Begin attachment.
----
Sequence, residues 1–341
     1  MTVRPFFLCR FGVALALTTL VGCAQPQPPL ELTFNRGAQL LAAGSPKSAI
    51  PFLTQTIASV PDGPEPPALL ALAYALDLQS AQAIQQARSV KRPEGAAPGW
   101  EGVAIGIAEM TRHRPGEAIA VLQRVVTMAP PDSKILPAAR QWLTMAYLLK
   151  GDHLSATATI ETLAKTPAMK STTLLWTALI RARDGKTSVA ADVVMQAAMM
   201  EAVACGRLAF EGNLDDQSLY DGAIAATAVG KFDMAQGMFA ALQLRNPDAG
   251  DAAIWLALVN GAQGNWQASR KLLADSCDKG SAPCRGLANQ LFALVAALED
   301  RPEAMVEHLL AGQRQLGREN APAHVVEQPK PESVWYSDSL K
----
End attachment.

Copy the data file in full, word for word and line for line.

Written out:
Sequence, residues 1–341
     1  MTVRPFFLCR FGVALALTTL VGCAQPQPPL ELTFNRGAQL LAAGSPKSAI
    51  PFLTQTIASV PDGPEPPALL ALAYALDLQS AQAIQQARSV KRPEGAAPGW
   101  EGVAIGIAEM TRHRPGEAIA VLQRVVTMAP PDSKILPAAR QWLTMAYLLK
   151  GDHLSATATI ETLAKTPAMK STTLLWTALI RARDGKTSVA ADVVMQAAMM
   201  EAVACGRLAF EGNLDDQSLY DGAIAATAVG KFDMAQGMFA ALQLRNPDAG
   251  DAAIWLALVN GAQGNWQASR KLLADSCDKG SAPCRGLANQ LFALVAALED
   301  RPEAMVEHLL AGQRQLGREN APAHVVEQPK PESVWYSDSL K